|Miss Mansfield - never knowingly underdressed|
I knew exactly the place I wanted to go - Nirvana: Biba in Frasers.
Growing up in the 70s, Biba was the IT brand that every Jackie-reading, Bonne-Belle lipgloss wearing girl lusted after. Oh yes, every kohl-eyed beauty in a crocheted cloche hat and flares worshipped at the shrine of Biba. 'One day', I vowed to myself dramatically in the manner of Scarlet O'Hara standing on the hillside in Gone With The Wind 'As God is my witness, I'll buy something spectacular from Biba.'
But then, in the mid 1970s, the bastards shut it down and my chance to be Cinderella in a mock victorian leg of mutton velveteen pantsuit vanished in a puff of Charlie Girl.
But TODAY was that now that day!
After a reverential climb up one flight stairs, I stood, sweating slightly (thank you thermal vest) in the ACTUAL Biba concession in Frasers. Two whip-thin sales assistants smiled warmly (oh YES! Non-condescending sales staff - that's a WINNER in my book!) as my Day Carer and I began to glaze over with desire at the sheer 70s-inspired fabulousness of it all.
Tiny oilslick-shiny feather capes hung next to velvet frocks that were blacker than 3am and sparkled like raven's eyes with black beading and lo! behind those crochet-trimmed glories I saw it......a floor-skimming faux leopard coat complete with blood red lining. I swear that I heard a heavenly choir as the coat peeked out shyly from behind the wall of black evening frockery.
Describe it to you? Imagine Jayne Mansfield AS A DRESS and you have it.
Reader, It had Hestia's name written all over it. I eagerly flicked through the hangers and found my size.
My Day Carer had found a smart black dress that she thought would be just the thing for a dinner dance she is going to later this month and disappeared into a changing cubicle with a swoosh of velvet curtain. I ran my fingers over the leopardy fabric and unbuttoned the front of the coat (that I had already decided would be the perfect coat-DRESS). 'My life should look like this,' I thought hungrily to myself.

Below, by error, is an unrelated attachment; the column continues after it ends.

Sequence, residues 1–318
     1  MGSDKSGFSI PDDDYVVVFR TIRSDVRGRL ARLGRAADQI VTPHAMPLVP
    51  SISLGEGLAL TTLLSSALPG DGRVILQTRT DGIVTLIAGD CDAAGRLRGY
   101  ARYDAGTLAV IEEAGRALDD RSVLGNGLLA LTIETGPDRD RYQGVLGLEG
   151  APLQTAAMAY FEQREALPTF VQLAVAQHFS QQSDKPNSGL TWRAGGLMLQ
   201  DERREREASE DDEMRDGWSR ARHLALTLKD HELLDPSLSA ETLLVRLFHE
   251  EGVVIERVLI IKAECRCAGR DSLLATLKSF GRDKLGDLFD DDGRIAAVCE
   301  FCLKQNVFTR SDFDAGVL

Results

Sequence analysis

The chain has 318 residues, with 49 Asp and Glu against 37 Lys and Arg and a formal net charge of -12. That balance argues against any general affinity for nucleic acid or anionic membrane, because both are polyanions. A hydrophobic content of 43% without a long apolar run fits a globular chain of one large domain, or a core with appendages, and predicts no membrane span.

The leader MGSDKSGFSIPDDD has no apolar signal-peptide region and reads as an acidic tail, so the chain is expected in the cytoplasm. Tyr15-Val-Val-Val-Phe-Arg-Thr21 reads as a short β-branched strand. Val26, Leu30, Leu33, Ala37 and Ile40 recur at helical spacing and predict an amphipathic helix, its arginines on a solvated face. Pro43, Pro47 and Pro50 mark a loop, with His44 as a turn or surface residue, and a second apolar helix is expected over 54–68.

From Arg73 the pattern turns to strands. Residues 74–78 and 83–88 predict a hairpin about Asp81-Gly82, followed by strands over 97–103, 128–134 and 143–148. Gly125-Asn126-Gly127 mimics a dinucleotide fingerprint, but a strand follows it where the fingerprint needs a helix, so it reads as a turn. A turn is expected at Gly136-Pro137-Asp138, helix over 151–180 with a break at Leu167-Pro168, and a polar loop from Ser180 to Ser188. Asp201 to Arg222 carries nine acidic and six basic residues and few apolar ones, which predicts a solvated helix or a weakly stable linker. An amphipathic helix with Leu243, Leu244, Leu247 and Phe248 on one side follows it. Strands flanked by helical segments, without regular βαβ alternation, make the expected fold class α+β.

It was a shade under £400. For a DRESS. For a leopard-skin, floor-length, vermillion-lined dress. But it was a BIBA dress. I dared not even begin to compute the fashion maths. It was a ridiculous notion...and yet, there I was, unhooking the hanger from the rail, crossing to the cubicle, drawing the curtain furtively behind me and disrobing frantically. A £400 floor length coat. And I wanted it more than I wanted to find myself in bed in an Italian palazzo with Rufus Sewell.
And that's a LOT.
Reader, the only place I could wear such a confection of loveliness is my weekly visit to the Co-op. Undeterred. I slipped it off the hanger, feeling the slippy red lining beneath my eager fingers.....
I'd like to hit the pause button for a moment before continuing. Please, please PLEASE. dressing room designers, STOP putting downlighters in changing rooms. I don't care how energy efficient or smart they look, EVERY dimple, bump and crease becomes a hellish cavern or mountain of imperfection....and when you are thinking about blowing a LOT of money on a dress, you want to feel good about your body, believe me. So get the sympathetic lighting sorted out. Candles perhaps. Bugger the fire risk.